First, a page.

Manhatten in Reverse (2011) - A book of short stories, including a titular novella.

He has also written a young adult sci-fi novel, Lightstorm, and several novellas: Watching Trees Grow, Family Matters and A Window Into Time.


Official website - He occasionally writes blog posts, and it has information about his books. It is a bit out of date though.

The Unisphere - A decent fan site covering the author's works.

2016 interview - A short interview with the author

Facebook page - Peter F Hamilton's Facebook page. He posts on here regularly, so is probably the best place online to find latest news about the author and his books.

So that's it. Definitely worth checking out if you like space based science fiction on an epic scale. My recommendation for a starting point would be either The Reality Dysfunction or Pandora's Star. Or if you want a standalone novel that gives a good flavour of what his books are like, try Fallen Dragon or Great North Road.

Friday, 3 March 2017

A Trio of Classic Science Fiction Novels

I'm steaming ahead with my book challenge at the very least, 10 books so far out of my target of 40. According to Goodreads I am 4 books ahead of schedule, though I feel like I will be losing some ground over the next few weeks as I'm about a quarter of the way through the 950 page Tolstoy opus, Anna Karenina. Anyway back to the science fiction.

The Caves of Steel by Isaac Asimov

The Caves of Steel is the first book in Asimov's Robot series, which has multiple novels and many short stories in it. This book takes place in the near-ish future, at a time when robots were still in their infancy. Most robots in this book are dumb things, not a great leap from artificial intelligences of today. This book features detective Elijah Baley, and possibly the first of the truly intelligent robots, Daneel Olivaw. An important ambassador has been murdered, and it is Baley and Daneel's job to investigate the crime and discover the culprit, to prevent a greater crisis.

This book has been on my to be read list for a long time now, and I finally got around to it after picking up a cheap paperback copy. The detective story itself is quite a basic one, but it was the world building and the great ideas that really got me hooked on this book. Considering it was written in (checks Wikipedia) 1954, it has aged really, really well. Okay so the computers they are talking about are pretty basic and possibly involved punched cards, and some of the numbers are a bit off (the 8 billion population may be several times that of Asimov's era, but today's population is close to that) but otherwise it is very believable. The political/social system described is bordering on communist, but is still quite believable, and some of the technology was a delight (I loved the idea of the moving walkways where you stepped from lane to lane, which increase in speed each time). Overall, a great, short book, still very relevant and enjoyable today and a good start to his Robot series.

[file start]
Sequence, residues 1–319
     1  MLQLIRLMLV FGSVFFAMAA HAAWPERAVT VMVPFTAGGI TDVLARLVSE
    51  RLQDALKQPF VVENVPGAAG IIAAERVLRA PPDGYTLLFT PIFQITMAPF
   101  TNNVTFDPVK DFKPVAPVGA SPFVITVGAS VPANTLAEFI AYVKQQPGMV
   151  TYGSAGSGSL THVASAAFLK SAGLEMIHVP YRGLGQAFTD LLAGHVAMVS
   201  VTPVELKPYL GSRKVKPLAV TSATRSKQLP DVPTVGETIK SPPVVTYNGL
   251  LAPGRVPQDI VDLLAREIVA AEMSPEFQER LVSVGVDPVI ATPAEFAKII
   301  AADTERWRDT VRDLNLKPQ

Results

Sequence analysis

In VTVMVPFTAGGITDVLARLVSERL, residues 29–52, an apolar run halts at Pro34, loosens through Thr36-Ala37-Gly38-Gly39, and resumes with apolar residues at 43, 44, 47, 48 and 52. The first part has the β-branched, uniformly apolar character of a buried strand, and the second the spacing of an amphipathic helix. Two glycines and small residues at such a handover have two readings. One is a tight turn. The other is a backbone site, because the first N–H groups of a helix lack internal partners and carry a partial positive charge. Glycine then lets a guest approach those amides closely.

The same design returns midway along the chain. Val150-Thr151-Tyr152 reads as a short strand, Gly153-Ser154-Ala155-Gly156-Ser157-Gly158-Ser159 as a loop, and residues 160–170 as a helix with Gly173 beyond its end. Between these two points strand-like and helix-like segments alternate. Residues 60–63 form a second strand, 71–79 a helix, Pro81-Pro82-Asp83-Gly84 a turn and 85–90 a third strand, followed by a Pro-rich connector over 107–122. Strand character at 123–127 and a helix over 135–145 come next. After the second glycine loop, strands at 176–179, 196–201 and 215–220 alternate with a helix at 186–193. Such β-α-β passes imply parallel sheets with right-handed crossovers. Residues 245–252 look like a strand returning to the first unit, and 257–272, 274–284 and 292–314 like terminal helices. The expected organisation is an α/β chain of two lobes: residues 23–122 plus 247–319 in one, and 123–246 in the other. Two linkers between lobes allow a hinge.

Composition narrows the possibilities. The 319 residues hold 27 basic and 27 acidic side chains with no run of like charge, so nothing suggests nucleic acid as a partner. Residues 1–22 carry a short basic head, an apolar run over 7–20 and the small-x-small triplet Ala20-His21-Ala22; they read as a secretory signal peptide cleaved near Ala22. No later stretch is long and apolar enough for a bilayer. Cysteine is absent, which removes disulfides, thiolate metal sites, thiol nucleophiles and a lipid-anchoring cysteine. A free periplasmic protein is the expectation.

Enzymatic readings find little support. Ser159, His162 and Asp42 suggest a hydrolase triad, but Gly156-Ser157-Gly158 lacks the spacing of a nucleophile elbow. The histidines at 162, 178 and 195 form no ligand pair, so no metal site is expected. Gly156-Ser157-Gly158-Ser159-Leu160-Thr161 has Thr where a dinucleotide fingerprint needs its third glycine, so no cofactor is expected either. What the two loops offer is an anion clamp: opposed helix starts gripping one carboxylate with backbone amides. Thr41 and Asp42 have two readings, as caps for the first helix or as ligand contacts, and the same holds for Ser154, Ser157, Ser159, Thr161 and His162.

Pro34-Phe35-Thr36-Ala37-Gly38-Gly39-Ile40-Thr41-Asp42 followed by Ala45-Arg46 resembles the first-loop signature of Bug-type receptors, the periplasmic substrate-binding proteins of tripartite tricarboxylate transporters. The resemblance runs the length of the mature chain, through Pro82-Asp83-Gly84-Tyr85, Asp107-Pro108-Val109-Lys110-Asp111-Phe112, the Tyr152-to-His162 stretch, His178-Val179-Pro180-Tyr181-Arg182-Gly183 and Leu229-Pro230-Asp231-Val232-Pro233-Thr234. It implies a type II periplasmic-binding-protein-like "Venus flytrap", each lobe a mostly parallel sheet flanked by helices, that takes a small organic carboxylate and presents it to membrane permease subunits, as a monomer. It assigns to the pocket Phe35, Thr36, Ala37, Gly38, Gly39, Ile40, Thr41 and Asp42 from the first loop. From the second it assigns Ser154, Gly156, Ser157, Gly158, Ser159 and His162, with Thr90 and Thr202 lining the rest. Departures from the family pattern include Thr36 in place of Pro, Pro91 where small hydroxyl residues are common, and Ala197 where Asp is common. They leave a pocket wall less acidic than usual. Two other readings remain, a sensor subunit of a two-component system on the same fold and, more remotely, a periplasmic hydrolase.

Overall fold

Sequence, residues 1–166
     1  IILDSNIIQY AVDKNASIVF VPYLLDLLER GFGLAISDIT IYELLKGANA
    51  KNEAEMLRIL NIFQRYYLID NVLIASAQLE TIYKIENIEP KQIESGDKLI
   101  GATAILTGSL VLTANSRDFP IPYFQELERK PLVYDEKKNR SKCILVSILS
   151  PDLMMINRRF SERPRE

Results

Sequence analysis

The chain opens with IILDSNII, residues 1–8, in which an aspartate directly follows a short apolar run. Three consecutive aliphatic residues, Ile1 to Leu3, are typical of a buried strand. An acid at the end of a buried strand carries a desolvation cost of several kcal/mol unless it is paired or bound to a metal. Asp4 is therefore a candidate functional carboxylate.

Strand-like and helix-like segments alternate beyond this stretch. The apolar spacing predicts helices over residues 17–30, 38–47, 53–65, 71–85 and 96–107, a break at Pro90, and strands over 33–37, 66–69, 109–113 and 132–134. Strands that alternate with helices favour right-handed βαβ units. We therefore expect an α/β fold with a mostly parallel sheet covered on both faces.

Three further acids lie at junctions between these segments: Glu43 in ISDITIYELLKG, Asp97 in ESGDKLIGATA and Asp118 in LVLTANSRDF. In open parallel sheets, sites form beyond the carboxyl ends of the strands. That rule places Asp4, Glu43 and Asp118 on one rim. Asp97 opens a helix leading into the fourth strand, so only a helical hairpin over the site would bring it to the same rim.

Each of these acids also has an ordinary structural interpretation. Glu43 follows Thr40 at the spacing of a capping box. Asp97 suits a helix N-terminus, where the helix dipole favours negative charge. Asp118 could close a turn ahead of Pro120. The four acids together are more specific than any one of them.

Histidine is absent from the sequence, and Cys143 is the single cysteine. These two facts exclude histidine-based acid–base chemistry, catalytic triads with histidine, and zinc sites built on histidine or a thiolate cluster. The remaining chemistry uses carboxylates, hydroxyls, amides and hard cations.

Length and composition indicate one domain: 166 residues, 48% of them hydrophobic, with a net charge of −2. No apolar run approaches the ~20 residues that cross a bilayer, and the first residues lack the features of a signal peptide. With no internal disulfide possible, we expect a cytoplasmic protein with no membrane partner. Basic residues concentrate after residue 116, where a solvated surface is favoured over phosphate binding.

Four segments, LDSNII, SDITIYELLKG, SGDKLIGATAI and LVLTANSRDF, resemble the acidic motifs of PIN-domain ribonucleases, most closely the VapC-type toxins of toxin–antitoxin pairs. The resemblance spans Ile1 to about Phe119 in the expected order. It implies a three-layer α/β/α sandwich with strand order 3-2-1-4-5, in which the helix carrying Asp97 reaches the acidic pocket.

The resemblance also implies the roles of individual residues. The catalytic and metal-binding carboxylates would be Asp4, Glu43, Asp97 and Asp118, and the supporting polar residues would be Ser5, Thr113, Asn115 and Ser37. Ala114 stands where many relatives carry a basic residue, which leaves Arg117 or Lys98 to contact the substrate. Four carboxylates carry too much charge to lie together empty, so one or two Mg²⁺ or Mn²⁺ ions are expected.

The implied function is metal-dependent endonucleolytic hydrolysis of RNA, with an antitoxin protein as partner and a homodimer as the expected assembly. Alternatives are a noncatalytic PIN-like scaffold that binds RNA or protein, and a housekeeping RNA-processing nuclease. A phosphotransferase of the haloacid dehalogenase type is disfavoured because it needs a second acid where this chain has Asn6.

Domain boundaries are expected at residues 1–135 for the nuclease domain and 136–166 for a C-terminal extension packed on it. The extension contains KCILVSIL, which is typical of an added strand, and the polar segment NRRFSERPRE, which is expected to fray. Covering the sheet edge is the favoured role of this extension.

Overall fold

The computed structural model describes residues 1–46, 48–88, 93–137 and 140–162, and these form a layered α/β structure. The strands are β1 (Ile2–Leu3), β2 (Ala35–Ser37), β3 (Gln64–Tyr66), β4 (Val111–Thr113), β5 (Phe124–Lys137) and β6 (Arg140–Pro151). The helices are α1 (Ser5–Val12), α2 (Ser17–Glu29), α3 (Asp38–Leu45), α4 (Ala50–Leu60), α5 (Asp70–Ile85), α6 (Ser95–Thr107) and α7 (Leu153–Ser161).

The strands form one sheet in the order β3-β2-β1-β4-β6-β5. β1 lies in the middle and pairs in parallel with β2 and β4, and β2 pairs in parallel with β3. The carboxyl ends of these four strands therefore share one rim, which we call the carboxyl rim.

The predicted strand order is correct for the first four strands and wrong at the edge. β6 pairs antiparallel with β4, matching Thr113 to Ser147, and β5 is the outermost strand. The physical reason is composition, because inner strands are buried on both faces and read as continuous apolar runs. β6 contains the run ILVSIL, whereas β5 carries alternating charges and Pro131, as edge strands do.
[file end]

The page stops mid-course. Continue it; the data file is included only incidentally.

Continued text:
The Space Merchants by Frederick Pohl & C M Kornbluth

This is a 1950's classic science fiction novel by the writing team of Frederick Pohl and C M Kornbluth. Ad man Mitch Courtenay is at the top of his game, and has been given the plum assignment of managing the Venus contract - promoting the new colonisation of Venus to ensure that his agency exclusively controls the spending of the would be colonists. In this imagined future, the world is effectively controlled by three giant advertising companies, the leaders of which are more powerful even than the US president. The ad men are rich, powerful and can have whatever they want, the consumers however are a downtrodden underclass...

This is a short novel, and in keeping with most science fiction of this era, it is desperately short on good characterisation - the characters are quite two dimensional almost just ciphers to move the plot along. The plot itself is also somewhat pedestrian, although with a twist at the end. I have to say however I really enjoyed this book. Although it is really dated, having been written over 60 years ago it has some very interesting technology and even the dated aspects of the novel hold a certain interest - in many ways the future the authors portrayed is already here. A lot of the scary stuff is a lot closer now than it was in the 1950's and even the stuff they got wrong casts light on the present. A great read.

The Stainless Steel Rat by Harry Harrison

In the far future, criminal intent, violence and deviousness has been bred out of the human race. Once in a while though someone slips through the genetic net. James Bolivar diGriz a.k.a. Slippery Jim is such a person. He is a master criminal and a brilliant disguise artist with a cunning mind, always staying several steps ahead of the law. Until...

This is the first in a science fiction comedy series, begun in the 1970s by the prolific science fiction author Harry Harrison. It was written, I think, as a spoof of the early space opera series by the likes of E E Doc Smith. I've never been a big fan of comic science fiction, or comic fiction generally, but it gives the author a lot of freedom to disregard the rules of science or sense and just have fun. I really enjoyed this, it was a great fun read. Incidentally, rather than reading this I listened to the audiobook from Brilliance Audio (on Audible.co.uk) and I thought it worked great as an audiobook and the narrator did a really good job.

That's it for now. I've just ordered several of the SF Masterworks so I'll be covering them in a later post. Before that, Hemingway and Tolstoy amongst others!